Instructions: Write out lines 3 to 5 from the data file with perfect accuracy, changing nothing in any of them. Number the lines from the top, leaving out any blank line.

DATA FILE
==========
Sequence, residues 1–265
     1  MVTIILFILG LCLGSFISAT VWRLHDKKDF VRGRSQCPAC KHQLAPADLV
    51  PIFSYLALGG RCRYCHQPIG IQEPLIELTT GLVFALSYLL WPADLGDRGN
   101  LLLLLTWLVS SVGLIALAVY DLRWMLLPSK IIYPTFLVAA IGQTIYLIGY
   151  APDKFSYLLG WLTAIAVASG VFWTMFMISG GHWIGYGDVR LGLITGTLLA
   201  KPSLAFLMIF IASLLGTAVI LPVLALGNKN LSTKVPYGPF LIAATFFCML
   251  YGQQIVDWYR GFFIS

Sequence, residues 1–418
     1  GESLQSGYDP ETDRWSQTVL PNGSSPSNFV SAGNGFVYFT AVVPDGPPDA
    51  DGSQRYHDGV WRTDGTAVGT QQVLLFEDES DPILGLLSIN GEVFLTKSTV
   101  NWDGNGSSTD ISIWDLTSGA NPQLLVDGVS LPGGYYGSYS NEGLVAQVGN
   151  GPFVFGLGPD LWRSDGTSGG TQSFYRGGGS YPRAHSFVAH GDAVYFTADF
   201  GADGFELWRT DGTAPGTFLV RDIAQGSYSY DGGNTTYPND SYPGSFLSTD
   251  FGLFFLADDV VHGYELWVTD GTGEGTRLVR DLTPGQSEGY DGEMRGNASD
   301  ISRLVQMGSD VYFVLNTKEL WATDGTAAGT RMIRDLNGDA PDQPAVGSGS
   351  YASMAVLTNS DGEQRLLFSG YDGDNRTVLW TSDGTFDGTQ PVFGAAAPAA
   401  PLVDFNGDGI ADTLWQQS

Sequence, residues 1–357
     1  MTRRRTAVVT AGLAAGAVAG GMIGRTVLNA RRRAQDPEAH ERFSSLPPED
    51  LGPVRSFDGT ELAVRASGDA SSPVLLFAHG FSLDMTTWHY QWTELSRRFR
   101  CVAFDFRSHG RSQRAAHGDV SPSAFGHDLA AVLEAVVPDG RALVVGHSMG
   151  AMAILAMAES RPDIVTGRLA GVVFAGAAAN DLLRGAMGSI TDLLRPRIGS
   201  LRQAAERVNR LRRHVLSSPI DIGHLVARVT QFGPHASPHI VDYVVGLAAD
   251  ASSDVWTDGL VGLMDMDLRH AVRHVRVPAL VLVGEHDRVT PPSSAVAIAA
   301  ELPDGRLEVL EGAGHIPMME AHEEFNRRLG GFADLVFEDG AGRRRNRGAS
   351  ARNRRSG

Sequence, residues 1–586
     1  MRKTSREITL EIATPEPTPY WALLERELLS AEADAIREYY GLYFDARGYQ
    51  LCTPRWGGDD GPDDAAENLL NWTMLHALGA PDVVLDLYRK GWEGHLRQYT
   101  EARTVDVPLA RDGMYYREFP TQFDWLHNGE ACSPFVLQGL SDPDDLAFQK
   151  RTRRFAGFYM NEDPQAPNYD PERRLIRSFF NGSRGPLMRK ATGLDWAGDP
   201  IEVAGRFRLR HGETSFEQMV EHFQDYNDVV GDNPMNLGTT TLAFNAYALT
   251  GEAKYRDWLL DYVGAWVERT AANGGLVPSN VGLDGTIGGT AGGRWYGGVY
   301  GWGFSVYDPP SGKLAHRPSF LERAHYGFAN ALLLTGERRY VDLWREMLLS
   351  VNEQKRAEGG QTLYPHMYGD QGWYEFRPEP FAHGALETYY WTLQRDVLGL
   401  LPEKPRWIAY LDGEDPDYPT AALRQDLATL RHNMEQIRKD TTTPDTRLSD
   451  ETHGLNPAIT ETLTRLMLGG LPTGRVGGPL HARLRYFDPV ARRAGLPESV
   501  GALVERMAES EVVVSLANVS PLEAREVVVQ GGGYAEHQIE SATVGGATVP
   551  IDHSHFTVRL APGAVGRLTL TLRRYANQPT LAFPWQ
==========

    51  PIFSYLALGG RCRYCHQPIG IQEPLIELTT GLVFALSYLL WPADLGDRGN
   101  LLLLLTWLVS SVGLIALAVY DLRWMLLPSK IIYPTFLVAA IGQTIYLIGY
   151  APDKFSYLLG WLTAIAVASG VFWTMFMISG GHWIGYGDVR LGLITGTLLA